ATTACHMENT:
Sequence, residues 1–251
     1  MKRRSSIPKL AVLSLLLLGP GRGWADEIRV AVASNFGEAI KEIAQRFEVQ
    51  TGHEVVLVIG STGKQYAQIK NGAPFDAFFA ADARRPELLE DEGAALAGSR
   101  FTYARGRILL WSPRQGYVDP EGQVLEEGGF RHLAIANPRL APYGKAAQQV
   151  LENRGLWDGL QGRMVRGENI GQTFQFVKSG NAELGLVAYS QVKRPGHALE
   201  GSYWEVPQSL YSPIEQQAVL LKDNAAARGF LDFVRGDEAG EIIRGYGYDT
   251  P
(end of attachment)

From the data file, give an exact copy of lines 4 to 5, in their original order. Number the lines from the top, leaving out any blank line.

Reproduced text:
   101  FTYARGRILL WSPRQGYVDP EGQVLEEGGF RHLAIANPRL APYGKAAQQV
   151  LENRGLWDGL QGRMVRGENI GQTFQFVKSG NAELGLVAYS QVKRPGHALE